my love affair with coffee

coffee

It started when I was seven years old. My parents drank Taster’s Choice Instant Coffee back then and kept a green jar of decaf just for me. Lots of milk and sugar. Then when I got older Mama and I would make lattes together, heating the milk and frothing it with a whisk, making Cafe Bustelo espresso on the stove in the Italian espresso pot. Cafes in New York, diners, all my favorite little spots to sit and drink and write and draw. Coffee on trains across the country. Coffee in San Francisco, and New York again. Coffee back at home with  Mama, whisking the milk, sprinkling cinnamon on top. Coffee by myself. For the year between my engagement and marriage I saved all those yellow and red Cafe Bustelo cans and used them as flower vases on the tables at the wedding.

Now Greg makes coffee, setting it up the night before in our new coffee maker so it will be ready at the right time in the morning. He brings me a cup in bed before he leaves for work.

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laptop, cat, and coffee

laptop, cat, and coffee When I’m working at home, the kittens’ favorite spot is on my desk, basking in the light from the window. Today, Ingrid has been right there, sleeping on and off, only getting up to follow me to the kitchen or the bathroom. Galactus is on top of the climbing tower, occasionally jumping down and trotting over to check on me.

As I write this, Ingrid has jumped down, and Galactus waited only a moment to take her place in the exact same sunny spot.

working at home

I love Wednesdays. They’re usually my work-at-home day, when I get to spend the whole day writing, drawing, making things…doing my own work. When I lived in San Francisco for a couple months after college, I lived this kind of life: Wake up, breakfast, go for a walk/explore the city, write, draw comics, dinner, watch a movie. Every day was my own. I wanted to see if I could live this life of a professional writer/artist, and if I would enjoy it. I did.

I enjoy my cinema work, too. It gives me a place to get out of my own head, be part of the movie world that I love, have a role in the community. And I’m so grateful to have a “money job” doing something I truly believe in. But I still yearn for the day that I can support myself and my family using my own work.

I’ve worked very hard to get here, to this point of being able to work part-time at a job I like, and have time to do my art work at home. There have been many “money jobs” in my life that I did not believe in so strongly, jobs I dreaded going to. Many morning on the NYC subway I fantasized about not getting off at the right stop, I’d just keep going, have a different day than going into Midtown offices to work as a temp doing things like data entry, refilling coffee in the break room, filling out someone’s Weight Watchers booklet for them, getting yelled at on the phone, getting hit on by older men with photos of their wives right there on their desks. One day, in one particularly depressing office, a man said to me, “I always wanted to be a fashion designer. Then I got a job here and it was just so easy. So I stayed. It’s been twenty years.”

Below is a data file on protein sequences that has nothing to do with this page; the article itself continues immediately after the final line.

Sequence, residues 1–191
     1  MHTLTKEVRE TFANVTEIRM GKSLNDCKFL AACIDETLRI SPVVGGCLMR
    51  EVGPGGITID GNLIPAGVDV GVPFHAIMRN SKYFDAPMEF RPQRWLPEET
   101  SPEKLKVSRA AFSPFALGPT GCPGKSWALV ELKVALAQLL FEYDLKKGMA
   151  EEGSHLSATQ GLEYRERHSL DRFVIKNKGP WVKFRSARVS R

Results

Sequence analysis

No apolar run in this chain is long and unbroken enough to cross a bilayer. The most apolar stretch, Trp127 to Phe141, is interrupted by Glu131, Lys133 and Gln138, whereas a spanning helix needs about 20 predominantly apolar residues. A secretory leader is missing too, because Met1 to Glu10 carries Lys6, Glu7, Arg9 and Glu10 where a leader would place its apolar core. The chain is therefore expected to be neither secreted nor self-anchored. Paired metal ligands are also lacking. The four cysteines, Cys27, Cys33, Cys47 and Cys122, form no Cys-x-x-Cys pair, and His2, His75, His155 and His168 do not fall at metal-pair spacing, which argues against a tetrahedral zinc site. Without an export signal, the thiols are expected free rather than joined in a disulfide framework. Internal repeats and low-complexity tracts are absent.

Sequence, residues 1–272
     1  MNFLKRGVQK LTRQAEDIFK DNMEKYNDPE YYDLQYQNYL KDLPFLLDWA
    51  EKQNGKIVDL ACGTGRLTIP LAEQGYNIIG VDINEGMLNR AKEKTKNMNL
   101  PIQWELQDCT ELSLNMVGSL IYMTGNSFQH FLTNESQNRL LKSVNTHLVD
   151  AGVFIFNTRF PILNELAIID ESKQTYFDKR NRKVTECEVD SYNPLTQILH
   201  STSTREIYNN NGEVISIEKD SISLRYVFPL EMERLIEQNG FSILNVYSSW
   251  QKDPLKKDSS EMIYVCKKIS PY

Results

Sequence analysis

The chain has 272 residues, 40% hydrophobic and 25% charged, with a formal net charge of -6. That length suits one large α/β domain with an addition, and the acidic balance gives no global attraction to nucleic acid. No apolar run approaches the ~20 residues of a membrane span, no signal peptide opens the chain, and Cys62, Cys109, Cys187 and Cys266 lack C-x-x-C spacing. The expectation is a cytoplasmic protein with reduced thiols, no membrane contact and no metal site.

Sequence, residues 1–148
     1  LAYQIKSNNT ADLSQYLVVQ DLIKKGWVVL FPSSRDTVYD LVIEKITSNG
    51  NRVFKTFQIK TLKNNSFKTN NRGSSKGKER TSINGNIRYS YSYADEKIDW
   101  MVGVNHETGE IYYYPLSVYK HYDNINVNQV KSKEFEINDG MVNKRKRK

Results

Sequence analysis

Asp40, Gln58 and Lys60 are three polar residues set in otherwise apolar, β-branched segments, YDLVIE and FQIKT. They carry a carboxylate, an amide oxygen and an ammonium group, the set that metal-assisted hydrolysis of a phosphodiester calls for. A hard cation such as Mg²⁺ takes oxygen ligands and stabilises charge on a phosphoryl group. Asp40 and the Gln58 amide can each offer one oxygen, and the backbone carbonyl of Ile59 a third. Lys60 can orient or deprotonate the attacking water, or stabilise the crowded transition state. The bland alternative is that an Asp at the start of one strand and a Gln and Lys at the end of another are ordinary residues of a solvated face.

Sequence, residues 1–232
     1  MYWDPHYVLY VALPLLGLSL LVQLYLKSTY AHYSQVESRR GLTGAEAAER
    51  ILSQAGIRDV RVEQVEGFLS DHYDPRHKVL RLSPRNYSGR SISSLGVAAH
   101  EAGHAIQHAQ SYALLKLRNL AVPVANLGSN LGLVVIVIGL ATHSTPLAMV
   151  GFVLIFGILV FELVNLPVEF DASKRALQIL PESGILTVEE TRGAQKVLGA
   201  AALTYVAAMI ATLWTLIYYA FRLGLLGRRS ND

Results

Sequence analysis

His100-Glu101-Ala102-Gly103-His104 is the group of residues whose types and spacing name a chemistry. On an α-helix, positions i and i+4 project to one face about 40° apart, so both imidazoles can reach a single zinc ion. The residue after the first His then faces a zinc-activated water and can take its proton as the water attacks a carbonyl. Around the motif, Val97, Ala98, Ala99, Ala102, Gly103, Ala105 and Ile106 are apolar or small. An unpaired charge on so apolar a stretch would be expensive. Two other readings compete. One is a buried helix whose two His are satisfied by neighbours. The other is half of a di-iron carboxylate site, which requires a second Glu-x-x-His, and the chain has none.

So here I am, living a lovely life, able to pay my portion of the rent and utilities with the money I get paid working at a non-profit art house cinema. And I have time to write stories, make comics and drawings, and even earn a little money from that. I have health insurance. I get enough to eat. I did this, I got myself here. (Of course with the help and support of people who love me, like my parents, who have helped me when I was barely scraping by, and have always supported me emotionally– I know how lucky I am to have this.)

I also know how lucky I am to have a partner who values my work as much as I do. I know this is rare and special. But I’m also saying that I helped make this happen. It didn’t just fall into my lap. This kind of life is totally possible, but you have to make it happen. I make decisions about what is most important to me. I work every day.

When my mom became an artist (well, she was always an artist, but I mean deciding to live a professional artist life), she and I would have conversations about this often. She in her forties and fifties, me in my twenties, both of us at the beginning of our art careers, figuring out how to live, work, love, and be ourselves in the world. Hanging shows together, giving feedback, going to museums, seeing movies, sitting at the table together drinking coffee and drawing.

working at home

Every day, making coffee in Mama’s espresso pot, doing my work, she’s with me. Even when I forget, even when I don’t know it, she’s there.

paris

I’m getting married. I say this to myself several times a day, feeling the words in my mouth, hearing how they sound in different rooms. I’ve found the person I want to build a life with, and he found me, and big things are beginning. Lots of different types of days.

We got engaged in Paris– a secret trip he’d planned for a long time. It’s a place I’ve always wanted to visit, and it was a dream.

I wish my mom was here– I wish that every moment of every day, but I also wish it specifically for this, because it’s a big thing, and I’m so excited, and it would be so much fun to be excited about this with her.

Here are some drawings I did in Paris (click image to see larger):

And here are a few photos: